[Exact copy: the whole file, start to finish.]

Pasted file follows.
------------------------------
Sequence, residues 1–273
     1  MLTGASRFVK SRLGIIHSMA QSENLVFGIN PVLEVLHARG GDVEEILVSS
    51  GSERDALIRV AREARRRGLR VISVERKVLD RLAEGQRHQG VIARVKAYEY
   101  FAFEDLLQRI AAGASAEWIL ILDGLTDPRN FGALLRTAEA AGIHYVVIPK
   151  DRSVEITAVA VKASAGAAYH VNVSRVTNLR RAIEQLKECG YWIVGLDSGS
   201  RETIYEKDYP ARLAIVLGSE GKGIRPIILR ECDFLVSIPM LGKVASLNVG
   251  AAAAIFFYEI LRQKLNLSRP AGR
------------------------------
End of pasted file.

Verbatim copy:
Sequence, residues 1–273
     1  MLTGASRFVK SRLGIIHSMA QSENLVFGIN PVLEVLHARG GDVEEILVSS
    51  GSERDALIRV AREARRRGLR VISVERKVLD RLAEGQRHQG VIARVKAYEY
   101  FAFEDLLQRI AAGASAEWIL ILDGLTDPRN FGALLRTAEA AGIHYVVIPK
   151  DRSVEITAVA VKASAGAAYH VNVSRVTNLR RAIEQLKECG YWIVGLDSGS
   201  RETIYEKDYP ARLAIVLGSE GKGIRPIILR ECDFLVSIPM LGKVASLNVG
   251  AAAAIFFYEI LRQKLNLSRP AGR